Posted on | December 9, 2008 | No Comments
Excel is a strange beast – you either like it or you don’t. Actually, you either love it or you loath it. You may love Excel (insert favorite spreadsheet product of choice) because you can crunch huge sets of numbers or sort and subtotal strange sets of data or use formulas to do wonderful things for your clients. You may hate it because you’ve never used it and cannot believe people would put tabular information in something other than a Word table or don’t see why anyone would do charts outside of Illustrator or Visio.
Let me tell you, though, that Excel is great for this: as a go-between for enterprise mailing list management systems and your favorite emarketing software product. When you export your listing of forty thousand names before importing them into your mail, survey, event or sweeps product, you may need to massage the data a bit before using it. Unlike Word’s mail merge where you can create conditional statements to work with the data fields, your email marketing software may not have that, so you may need to combine columns before sending out your mailing.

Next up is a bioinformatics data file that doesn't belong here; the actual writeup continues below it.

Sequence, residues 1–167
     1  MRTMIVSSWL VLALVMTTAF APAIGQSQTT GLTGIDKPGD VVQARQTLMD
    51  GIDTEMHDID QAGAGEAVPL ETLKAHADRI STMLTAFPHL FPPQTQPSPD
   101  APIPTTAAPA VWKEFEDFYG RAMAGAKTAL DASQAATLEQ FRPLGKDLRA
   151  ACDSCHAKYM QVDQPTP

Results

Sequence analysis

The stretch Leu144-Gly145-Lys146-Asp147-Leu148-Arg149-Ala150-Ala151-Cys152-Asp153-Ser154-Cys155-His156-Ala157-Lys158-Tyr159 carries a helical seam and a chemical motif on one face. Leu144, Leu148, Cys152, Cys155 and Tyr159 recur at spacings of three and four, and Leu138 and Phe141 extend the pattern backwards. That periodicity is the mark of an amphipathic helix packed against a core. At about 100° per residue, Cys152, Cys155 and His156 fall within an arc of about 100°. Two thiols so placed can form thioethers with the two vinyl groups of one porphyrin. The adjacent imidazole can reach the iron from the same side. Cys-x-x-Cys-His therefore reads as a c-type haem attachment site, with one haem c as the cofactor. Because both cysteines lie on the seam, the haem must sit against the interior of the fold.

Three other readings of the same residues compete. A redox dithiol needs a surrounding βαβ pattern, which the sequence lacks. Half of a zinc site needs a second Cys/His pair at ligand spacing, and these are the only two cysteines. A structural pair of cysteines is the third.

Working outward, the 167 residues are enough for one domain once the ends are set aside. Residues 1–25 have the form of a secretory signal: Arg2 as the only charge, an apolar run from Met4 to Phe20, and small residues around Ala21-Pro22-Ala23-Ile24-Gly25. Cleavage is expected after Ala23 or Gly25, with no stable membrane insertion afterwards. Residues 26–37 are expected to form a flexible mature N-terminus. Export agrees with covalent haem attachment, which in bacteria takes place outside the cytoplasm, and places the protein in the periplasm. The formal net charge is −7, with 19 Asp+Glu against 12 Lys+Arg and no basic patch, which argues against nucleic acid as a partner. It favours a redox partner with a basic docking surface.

To combine columns in Excel, you create a simple formula in a blank column, combine your data and delete your original columns after copying the combined fields. A simple Excel formula to combine columns, like Salutation, First Name and Last Name (assuming the three columns are A1, B1 and C1, respectively) might look like this: =A1&” “&B1&” “&C1 . This will combine the text values in each column, making one column. In Excel you can then copy the column and use Edit|Paste Special|Values to separate the new data from the formula, after which you save the spreadsheet and import it into your email marketing software.
Excel is also great at counting unique items in your data. Say for example you’ve created a custom category in your event management software which the software doesn’t provide a count for. To get a count for this, export your event registrants listing, open the list in Excel, and use the Data|Subtotal feature to get a count of registrants who fit within your custom category. E.G., you could use this to count all those registrants for each U.S. state who signed up for the vegetarian entré at the main dinner.